/ 30 August 2007

Algerian forest fires claim eight lives

Forest fires fed by winds off the Sahara and still burning out of control in northern Algeria have claimed eight lives in the past 48 hours, the country’s civil protection services said on Thursday.

A lack of specialised water-bombing planes, such as those currently being used to fight fires in Greece and Spain, has added to the challenges faced by firefighters and soldiers sent in as reinforcements.

Authorities have been battling 90 separate fires in 19 wooded regions in the north of the country, from Chlef in the west across to Skikda in the east.

The flames have consumed 20 000 hectares of woodland and farmland — the worst figures since 1983 — including pine trees, oaks, cedars and olive groves, spreading a choking black smoke across the regions affected.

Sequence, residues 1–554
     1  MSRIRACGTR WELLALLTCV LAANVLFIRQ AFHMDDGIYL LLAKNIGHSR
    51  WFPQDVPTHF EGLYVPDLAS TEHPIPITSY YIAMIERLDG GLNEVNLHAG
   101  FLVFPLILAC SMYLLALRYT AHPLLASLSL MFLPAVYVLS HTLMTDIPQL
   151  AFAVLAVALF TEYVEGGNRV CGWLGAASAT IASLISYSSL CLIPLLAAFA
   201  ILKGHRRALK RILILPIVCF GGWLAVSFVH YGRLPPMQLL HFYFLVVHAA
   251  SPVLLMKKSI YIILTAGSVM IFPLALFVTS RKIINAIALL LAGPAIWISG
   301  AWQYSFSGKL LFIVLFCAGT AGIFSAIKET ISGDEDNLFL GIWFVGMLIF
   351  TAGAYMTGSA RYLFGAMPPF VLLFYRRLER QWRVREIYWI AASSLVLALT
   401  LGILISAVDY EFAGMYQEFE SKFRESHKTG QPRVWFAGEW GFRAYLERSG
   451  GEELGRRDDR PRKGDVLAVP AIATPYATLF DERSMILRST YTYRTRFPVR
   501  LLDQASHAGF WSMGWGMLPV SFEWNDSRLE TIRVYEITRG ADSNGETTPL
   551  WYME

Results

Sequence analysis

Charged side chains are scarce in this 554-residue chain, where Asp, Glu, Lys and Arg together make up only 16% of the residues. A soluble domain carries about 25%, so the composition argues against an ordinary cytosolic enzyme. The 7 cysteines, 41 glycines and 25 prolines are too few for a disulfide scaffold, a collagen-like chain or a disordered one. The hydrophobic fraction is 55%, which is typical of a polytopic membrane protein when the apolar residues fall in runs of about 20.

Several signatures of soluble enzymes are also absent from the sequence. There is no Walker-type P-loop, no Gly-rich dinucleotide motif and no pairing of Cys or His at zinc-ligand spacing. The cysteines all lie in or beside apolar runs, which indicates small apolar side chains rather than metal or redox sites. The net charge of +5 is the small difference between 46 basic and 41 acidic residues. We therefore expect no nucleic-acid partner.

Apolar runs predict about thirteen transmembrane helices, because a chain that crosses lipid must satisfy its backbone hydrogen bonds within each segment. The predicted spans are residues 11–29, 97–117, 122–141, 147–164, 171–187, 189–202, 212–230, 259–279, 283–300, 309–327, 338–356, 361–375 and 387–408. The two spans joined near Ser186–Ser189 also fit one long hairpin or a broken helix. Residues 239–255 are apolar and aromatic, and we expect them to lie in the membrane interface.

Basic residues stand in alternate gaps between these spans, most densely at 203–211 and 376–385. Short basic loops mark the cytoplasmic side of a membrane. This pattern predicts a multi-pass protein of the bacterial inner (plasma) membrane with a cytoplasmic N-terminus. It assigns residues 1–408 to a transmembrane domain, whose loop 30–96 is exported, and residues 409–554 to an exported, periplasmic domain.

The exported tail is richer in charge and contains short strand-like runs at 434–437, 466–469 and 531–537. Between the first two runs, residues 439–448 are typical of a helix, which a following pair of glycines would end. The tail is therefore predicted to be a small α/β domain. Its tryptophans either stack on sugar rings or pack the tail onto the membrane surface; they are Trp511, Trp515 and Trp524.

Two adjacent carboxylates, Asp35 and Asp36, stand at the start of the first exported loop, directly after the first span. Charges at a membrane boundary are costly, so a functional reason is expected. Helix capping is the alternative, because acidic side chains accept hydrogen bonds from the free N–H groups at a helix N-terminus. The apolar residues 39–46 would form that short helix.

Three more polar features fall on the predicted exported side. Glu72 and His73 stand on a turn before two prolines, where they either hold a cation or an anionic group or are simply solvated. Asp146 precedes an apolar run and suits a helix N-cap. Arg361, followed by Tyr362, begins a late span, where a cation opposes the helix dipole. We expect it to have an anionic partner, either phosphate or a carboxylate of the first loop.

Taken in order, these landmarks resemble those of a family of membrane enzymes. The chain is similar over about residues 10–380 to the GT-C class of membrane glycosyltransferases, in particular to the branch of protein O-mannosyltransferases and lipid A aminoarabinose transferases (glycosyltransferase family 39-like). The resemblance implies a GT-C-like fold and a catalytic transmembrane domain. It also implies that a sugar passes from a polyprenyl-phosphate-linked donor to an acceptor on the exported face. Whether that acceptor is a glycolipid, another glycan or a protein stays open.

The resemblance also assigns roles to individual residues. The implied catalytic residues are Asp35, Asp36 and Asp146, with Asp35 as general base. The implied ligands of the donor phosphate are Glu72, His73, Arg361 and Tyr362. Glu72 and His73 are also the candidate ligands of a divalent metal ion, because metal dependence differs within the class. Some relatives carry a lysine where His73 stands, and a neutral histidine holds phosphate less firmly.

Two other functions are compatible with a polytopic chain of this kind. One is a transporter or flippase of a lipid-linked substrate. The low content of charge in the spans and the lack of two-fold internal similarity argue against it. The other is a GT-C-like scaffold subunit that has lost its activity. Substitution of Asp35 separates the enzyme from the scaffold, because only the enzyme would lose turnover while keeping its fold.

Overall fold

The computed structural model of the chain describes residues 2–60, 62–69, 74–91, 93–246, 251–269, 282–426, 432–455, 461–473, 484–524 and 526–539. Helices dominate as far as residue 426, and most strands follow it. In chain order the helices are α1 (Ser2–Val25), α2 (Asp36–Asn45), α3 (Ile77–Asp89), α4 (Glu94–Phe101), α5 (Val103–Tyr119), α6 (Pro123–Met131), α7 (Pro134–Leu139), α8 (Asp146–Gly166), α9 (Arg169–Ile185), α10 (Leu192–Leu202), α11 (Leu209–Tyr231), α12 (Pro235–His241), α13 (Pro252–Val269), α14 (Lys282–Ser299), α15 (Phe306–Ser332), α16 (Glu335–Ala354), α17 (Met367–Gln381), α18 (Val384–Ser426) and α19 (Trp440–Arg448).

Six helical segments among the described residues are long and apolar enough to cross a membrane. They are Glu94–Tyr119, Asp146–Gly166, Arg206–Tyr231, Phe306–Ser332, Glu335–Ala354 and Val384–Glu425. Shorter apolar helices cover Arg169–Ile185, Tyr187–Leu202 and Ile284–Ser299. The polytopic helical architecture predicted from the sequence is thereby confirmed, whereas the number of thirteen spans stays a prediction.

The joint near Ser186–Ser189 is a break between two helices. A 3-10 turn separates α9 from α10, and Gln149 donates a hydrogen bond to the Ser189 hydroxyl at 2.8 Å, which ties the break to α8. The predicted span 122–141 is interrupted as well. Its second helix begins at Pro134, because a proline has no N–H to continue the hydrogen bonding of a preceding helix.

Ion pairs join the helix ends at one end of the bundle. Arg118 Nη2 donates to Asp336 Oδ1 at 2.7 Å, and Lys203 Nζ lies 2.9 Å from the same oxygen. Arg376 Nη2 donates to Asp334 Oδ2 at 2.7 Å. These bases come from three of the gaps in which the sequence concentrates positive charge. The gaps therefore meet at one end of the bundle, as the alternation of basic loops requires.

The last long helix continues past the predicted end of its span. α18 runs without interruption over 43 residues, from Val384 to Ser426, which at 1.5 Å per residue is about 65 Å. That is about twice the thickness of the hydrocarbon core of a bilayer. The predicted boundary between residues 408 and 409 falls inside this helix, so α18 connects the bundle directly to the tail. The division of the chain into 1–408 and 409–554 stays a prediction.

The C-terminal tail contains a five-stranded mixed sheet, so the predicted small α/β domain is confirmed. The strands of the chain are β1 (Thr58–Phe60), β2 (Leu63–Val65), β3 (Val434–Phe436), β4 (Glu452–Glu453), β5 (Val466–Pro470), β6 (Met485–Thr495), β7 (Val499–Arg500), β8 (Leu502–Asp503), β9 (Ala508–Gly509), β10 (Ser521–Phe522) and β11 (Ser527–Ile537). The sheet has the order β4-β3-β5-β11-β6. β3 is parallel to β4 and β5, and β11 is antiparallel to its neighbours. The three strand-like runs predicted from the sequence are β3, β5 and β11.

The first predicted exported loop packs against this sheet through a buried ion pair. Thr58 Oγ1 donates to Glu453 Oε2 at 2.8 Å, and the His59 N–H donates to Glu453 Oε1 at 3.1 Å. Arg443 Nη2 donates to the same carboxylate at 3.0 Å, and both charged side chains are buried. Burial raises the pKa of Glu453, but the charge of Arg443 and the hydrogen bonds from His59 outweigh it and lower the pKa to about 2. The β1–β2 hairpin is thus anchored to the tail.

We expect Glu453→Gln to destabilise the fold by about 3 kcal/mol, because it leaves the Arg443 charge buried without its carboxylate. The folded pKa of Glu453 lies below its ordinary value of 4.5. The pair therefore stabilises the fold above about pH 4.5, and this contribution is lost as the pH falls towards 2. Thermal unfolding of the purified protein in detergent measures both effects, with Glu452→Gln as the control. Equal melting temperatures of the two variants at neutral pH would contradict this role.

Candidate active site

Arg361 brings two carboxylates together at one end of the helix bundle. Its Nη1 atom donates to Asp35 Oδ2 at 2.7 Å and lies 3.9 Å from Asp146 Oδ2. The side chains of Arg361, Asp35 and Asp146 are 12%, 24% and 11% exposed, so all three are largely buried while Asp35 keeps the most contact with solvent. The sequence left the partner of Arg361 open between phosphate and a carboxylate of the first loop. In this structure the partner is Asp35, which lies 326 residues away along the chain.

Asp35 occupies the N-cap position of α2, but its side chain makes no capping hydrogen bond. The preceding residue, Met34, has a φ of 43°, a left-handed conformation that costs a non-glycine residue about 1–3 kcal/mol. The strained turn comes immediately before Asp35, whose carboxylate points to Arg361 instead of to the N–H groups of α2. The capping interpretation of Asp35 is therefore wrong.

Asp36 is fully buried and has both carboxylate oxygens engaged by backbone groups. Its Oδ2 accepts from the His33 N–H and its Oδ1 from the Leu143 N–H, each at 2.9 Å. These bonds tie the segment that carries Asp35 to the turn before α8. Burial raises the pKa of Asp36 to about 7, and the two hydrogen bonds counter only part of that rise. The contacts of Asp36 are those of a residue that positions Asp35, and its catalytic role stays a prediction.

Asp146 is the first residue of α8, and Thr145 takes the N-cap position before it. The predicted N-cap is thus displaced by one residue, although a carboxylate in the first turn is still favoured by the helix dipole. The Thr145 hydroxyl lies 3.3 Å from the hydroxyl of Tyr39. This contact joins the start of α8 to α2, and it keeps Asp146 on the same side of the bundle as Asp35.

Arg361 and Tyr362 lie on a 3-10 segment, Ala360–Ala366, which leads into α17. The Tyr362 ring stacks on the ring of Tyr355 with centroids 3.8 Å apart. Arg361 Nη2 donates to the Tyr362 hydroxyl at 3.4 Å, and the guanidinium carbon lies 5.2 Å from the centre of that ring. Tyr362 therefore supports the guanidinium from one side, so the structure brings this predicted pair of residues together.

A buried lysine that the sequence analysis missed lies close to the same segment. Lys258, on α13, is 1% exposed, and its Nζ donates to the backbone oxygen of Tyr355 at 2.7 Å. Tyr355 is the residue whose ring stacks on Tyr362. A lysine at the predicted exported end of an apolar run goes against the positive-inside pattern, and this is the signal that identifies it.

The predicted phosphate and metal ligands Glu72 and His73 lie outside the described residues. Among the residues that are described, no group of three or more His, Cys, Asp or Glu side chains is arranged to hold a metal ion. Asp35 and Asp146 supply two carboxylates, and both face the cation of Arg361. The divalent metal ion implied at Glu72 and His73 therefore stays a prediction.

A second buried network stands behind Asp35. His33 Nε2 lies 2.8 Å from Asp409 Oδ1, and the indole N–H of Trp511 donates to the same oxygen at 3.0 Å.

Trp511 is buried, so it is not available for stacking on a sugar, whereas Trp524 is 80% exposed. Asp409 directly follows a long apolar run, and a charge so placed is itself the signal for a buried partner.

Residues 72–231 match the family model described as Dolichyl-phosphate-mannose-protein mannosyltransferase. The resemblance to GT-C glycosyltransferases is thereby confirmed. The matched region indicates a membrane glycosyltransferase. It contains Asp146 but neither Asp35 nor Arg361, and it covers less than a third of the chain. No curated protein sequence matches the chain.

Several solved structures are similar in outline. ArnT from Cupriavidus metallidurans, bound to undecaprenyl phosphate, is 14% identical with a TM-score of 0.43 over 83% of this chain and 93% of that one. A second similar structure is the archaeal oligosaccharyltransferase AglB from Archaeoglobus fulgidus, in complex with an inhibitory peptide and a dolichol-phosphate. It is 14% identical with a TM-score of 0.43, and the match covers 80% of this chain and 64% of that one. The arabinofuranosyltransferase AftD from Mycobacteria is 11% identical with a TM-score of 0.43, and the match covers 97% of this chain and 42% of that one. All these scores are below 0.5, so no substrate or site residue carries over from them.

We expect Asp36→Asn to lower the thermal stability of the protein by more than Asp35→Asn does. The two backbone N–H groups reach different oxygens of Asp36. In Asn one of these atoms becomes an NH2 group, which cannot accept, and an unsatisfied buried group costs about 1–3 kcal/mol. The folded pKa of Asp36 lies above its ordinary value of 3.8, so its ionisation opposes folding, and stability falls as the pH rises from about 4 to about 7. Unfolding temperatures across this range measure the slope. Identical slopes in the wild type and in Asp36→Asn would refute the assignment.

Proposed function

Six people, including a woman and two children, were burnt to death at Beni Douala, in the Tizi Ouzou district of Kabylie, 110km east of Algiers, said civil protection service spokesperson Mohamed Amokrane Medjkane.

Two young walkers also perished on the Jijel coastline west of Algiers.

Six villages in the Beni-Douala district, 20km south of Tizi Ouzou, were evacuated, as was the airport at Bejaia to the east and a nearby riding club.

The fires have been burning for several days now, but all the deaths occurred over the past 48 hours. Farm animals and chained-up dogs abandoned by their owners have also perished in the flames. — Sapa-AFP